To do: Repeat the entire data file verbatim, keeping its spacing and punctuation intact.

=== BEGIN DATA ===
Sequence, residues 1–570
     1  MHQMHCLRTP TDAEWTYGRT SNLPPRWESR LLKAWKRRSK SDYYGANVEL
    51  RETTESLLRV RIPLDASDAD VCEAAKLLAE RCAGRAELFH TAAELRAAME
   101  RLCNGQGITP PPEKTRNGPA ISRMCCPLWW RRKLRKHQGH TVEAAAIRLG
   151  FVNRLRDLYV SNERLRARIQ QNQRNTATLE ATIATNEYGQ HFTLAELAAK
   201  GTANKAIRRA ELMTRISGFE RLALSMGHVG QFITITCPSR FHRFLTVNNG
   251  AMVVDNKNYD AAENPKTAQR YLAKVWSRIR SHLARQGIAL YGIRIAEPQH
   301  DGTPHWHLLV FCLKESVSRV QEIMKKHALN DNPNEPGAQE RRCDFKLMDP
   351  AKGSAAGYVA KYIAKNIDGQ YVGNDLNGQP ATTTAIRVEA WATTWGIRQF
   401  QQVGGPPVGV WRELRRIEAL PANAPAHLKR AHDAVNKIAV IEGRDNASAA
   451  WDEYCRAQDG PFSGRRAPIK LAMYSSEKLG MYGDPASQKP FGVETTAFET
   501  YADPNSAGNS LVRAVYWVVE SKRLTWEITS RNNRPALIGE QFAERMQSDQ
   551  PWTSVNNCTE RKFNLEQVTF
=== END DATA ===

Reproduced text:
Sequence, residues 1–570
     1  MHQMHCLRTP TDAEWTYGRT SNLPPRWESR LLKAWKRRSK SDYYGANVEL
    51  RETTESLLRV RIPLDASDAD VCEAAKLLAE RCAGRAELFH TAAELRAAME
   101  RLCNGQGITP PPEKTRNGPA ISRMCCPLWW RRKLRKHQGH TVEAAAIRLG
   151  FVNRLRDLYV SNERLRARIQ QNQRNTATLE ATIATNEYGQ HFTLAELAAK
   201  GTANKAIRRA ELMTRISGFE RLALSMGHVG QFITITCPSR FHRFLTVNNG
   251  AMVVDNKNYD AAENPKTAQR YLAKVWSRIR SHLARQGIAL YGIRIAEPQH
   301  DGTPHWHLLV FCLKESVSRV QEIMKKHALN DNPNEPGAQE RRCDFKLMDP
   351  AKGSAAGYVA KYIAKNIDGQ YVGNDLNGQP ATTTAIRVEA WATTWGIRQF
   401  QQVGGPPVGV WRELRRIEAL PANAPAHLKR AHDAVNKIAV IEGRDNASAA
   451  WDEYCRAQDG PFSGRRAPIK LAMYSSEKLG MYGDPASQKP FGVETTAFET
   501  YADPNSAGNS LVRAVYWVVE SKRLTWEITS RNNRPALIGE QFAERMQSDQ
   551  PWTSVNNCTE RKFNLEQVTF